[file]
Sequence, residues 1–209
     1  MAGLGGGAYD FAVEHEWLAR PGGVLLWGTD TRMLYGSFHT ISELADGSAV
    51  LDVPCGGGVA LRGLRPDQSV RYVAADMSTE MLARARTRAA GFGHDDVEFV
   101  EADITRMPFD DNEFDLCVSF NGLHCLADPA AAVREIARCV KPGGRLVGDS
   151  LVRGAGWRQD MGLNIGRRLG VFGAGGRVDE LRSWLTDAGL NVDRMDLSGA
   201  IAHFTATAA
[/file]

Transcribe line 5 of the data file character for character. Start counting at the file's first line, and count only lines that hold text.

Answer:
   151  LVRGAGWRQD MGLNIGRRLG VFGAGGRVDE LRSWLTDAGL NVDRMDLSGA